There are much too many timing expressions to review in one article, so in this instalment of our series on time we will confine ourselves to the point-relative timing expressions.
Unlike deictic terms, which are dependent on the here and now for context (for example, tomorrow is deictic, since its meaning changes every day), point-relative expressions are relative to some point, usually mentioned or clear from context. You can’t be early or late without something to be early or late to.
We’ll review these in antonymic (opposite meaning) word pairs, making a distinction between translations (which are unreliable at best, misleading at worst) and meaning and usage. It is advisable for the second language student not to get too bogged down in translations but to focus on meaning and usage. Before and after, in particular, are two-faced in translation.
As prepositions with time, fyrir means in the past and eftir means in the future. They translate as ago and in. Fyrir takes the dative case, while eftir takes the accusative. In this use, fyrir and eftir are technically deictic (relative to the moment of speaking), but we won’t tell if you don’t. It’s best to learn all the fyrir / eftir together.
Fyrir can optionally be accompanied by síðan. This doesn’t change the meaning in any way.
It is hard to use fyrir or eftir to refer to timings covered by definite deictic expressions like á morgun (tomorrow) or í gær (yesterday). Thus, eftir dag/einn dag (in a day/one day) is almost never heard, as it would simply be á morgun.
There are numerous “vaguer” terms we can use with fyrir or eftir. These do not fit with both fyrir and eftir as easily as the exact time, as common usage usually favours one preposition or the other. It may be wise to learn these as expressions: fyrir löngu, eftir smá, eftir augnablik are the most common.
Löngu literally translates as a long, and outside of the phrase fyrir löngu it would sound exactly as weird as that English translation. Smá translates as a bit, and is used in other contexts (ég tala smá íslensku, I speak a bit of Icelandic). Augnablik literally translates as eye-blink, and is almost only heard in the phrases eftir augnablik (in a moment) and augnablik (one moment please).
This use of fyrir / eftir is the clearest equivalence to English. As prepositions with events, fyrir means and translates (usually) as before, and eftir means and translates as after. Remember that these are still prepositions: they cannot appear alone, without their event. Both fyrir and eftir take the accusative case in this use.
English allows the use of before and after as adverbs where Icelandic does not. This yields phrases like after, I went to the market where the Icelandic eftir cannot appear without its event. Instead, it can be referred to with a pronoun like það.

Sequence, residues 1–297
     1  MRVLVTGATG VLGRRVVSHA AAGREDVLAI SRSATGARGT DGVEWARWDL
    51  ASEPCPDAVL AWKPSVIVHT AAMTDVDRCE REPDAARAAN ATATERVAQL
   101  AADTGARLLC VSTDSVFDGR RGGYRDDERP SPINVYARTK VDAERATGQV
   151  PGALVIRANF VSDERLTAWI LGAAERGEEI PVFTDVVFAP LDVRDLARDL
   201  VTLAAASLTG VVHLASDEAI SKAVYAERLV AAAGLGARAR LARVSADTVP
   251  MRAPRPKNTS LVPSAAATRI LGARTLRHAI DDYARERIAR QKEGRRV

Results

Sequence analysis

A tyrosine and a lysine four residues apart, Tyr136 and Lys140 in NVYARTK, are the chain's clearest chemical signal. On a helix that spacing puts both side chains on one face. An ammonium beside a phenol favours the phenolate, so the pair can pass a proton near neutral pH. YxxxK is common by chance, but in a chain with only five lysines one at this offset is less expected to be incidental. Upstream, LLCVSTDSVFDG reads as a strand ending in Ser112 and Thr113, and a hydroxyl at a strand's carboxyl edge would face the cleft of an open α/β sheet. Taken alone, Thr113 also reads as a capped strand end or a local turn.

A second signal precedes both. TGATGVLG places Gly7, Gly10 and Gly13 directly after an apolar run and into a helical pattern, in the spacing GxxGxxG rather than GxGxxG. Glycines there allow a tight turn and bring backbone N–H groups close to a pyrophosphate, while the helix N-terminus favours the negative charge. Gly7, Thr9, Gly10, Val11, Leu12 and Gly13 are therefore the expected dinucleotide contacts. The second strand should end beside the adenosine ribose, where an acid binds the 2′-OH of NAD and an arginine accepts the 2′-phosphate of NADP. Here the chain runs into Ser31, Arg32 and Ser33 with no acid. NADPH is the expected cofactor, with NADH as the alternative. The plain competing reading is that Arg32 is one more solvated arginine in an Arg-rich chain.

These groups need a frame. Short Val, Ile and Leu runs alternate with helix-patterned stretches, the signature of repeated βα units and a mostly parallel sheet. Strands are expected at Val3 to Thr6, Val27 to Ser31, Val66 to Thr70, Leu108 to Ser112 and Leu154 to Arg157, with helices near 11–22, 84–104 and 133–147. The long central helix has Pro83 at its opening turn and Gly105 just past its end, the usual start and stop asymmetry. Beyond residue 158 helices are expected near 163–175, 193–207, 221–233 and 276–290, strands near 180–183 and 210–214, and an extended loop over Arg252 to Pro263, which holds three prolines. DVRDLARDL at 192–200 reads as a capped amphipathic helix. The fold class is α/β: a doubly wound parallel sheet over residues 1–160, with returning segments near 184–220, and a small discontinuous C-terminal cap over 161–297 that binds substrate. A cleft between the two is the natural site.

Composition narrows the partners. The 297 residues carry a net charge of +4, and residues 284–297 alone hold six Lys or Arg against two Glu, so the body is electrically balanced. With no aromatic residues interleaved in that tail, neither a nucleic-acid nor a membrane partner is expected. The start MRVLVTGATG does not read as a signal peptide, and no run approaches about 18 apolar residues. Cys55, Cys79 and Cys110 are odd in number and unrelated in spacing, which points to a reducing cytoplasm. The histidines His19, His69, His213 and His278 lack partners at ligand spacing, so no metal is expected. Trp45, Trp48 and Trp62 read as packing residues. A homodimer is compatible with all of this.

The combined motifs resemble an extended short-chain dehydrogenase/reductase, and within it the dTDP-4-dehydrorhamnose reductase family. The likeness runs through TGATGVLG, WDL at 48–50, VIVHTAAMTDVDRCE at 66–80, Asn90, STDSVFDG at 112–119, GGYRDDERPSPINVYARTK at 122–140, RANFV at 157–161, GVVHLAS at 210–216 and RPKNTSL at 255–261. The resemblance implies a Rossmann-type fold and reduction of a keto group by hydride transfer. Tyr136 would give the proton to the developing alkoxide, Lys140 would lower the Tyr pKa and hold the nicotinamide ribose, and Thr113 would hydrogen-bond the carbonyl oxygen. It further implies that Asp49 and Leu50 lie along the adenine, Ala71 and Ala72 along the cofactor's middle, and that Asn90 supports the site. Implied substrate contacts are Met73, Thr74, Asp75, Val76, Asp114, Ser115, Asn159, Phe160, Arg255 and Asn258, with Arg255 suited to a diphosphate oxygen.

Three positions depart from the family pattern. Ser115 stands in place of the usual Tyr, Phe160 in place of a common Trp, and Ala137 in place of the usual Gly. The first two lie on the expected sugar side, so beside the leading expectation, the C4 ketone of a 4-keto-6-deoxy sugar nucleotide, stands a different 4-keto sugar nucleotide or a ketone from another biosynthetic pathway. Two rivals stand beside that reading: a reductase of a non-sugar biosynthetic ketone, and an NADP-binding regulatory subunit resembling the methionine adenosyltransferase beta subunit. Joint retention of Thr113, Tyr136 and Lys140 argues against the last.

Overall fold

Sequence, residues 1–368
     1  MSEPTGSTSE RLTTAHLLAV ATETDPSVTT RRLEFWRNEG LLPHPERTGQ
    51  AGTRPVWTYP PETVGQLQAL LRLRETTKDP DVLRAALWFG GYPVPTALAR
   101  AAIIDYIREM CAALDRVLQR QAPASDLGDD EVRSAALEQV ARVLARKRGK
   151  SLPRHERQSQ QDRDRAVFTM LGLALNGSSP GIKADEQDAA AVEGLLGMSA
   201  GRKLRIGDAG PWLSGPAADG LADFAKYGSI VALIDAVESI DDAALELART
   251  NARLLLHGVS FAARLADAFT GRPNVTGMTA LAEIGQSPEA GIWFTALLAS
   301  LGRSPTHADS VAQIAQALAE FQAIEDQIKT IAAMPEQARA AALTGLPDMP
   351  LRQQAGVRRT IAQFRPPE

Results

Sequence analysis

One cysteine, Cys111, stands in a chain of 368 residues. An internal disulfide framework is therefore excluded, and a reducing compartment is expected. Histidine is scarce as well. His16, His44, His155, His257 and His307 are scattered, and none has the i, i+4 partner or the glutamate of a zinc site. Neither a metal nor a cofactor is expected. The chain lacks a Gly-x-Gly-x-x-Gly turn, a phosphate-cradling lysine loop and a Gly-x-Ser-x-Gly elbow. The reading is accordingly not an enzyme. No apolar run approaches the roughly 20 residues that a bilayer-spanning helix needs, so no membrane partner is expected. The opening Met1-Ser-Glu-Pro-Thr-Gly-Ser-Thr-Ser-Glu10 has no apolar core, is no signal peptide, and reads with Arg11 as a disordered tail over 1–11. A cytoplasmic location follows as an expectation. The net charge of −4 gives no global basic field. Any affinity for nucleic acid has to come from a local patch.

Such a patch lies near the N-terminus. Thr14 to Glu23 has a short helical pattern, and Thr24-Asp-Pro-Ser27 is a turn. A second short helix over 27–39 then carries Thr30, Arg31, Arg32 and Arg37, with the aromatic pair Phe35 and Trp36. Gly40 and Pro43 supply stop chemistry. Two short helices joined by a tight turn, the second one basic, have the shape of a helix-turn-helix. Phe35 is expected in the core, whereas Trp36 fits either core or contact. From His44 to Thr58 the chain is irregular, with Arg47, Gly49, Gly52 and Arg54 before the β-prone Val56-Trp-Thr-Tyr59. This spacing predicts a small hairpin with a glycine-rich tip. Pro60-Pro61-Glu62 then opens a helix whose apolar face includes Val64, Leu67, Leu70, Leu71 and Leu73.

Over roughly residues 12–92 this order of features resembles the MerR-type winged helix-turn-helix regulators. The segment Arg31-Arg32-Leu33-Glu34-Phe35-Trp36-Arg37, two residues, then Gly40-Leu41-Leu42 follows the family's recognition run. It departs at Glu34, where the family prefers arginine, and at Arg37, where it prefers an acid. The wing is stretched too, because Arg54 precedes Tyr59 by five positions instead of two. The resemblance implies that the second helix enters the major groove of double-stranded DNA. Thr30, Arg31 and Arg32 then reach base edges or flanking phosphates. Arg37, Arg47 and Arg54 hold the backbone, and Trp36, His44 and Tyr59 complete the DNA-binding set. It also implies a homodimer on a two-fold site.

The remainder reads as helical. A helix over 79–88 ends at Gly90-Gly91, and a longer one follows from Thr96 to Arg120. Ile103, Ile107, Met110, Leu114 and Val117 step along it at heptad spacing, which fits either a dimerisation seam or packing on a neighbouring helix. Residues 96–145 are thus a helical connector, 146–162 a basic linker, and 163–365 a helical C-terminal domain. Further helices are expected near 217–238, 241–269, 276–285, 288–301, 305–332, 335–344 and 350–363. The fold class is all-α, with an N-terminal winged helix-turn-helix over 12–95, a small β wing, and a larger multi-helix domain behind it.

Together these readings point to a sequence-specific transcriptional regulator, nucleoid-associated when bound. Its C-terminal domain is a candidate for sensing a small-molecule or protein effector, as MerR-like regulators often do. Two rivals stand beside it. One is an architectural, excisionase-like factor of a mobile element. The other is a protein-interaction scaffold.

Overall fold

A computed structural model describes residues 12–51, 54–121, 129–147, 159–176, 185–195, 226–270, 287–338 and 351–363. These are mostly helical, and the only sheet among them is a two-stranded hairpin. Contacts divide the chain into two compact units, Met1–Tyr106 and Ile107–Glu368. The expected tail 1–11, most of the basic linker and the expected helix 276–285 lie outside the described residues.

As prepositions with time and events, fyrir and eftir are still quite clear equivalents to English before and after (e.g. five minutes before closing). They both take the accusative case in this use, assigning it to the event. The time difference is in the dative, as per the dative degree of difference, which we will explore in full in our article on Comparisons.
Áður en and eftir að are conjunctions, not prepositions like eftir and fyrir. That means they are followed by a whole clause (subject and verb), not just a noun phrase (group of words which can be replaced with one word, like he, she, or it). Áður en means and translates as before and eftir að means following, and translates as after. In the following examples, the relevant clause is bolded.
Á undan and á eftir are technically not timing expressions as they indicate order, not time. However, they take an honorary spot in this article to prevent confusion. Á undan means ahead of and translates as before, while á eftir means behind and translates as after. They are prepositions which take the dative case. The á in á eftir may optionally be dropped, with no effect on meaning or usage.
Á eftir can also be a deictic timing expression meaning later today, as we cover in Deictic Timing. Its use is distinctly different, as here it is a preposition, not an adverb as when it is used deictically.
Snemma and seint mean early and late, in the sense of not at the agreed upon time or early / late in the day. They are adverbs. Note that when the degree of lateness or ”early-ness” is specified, it’s in the dative as per the dative of degree of difference, which we explore in our article on comparisons.
The comparative forms of snemma and seint are fyrr and seinna, respectively. The comparative is how things are compared, like stronger or more beautiful in English. Yes, snemma leads to fyrr; it’s irregular, like how well leads to better. The en in the sentences below is simply part of the comparative structure, which we explore fully in our article on comparisons.
As we see in the last example, seinna doesn’t necessarily have to compare anything, just like later in English. Note that earlier today and later today would be áðan and á eftir, as explored in Deictic Timing.
Seinn, in addition to being an adverb, can also be used as an adjective (inflecting with gender etc.) if it describes the person or event, and not the action.
Point-relative timing expressions refer to a point other than the here and now, like deictic terms. Eftir has altogether too many meanings, but they generally have distinct uses. Fyrir / eftir are prepositions which can be used with time, events, or time and events. Áður en / eftir að are conjunctions, á undan / (á) eftir are prepositions which indicate order, not time, and snemma / seint are adverbs.
This table summarises the point-relative timing expressions discussed above.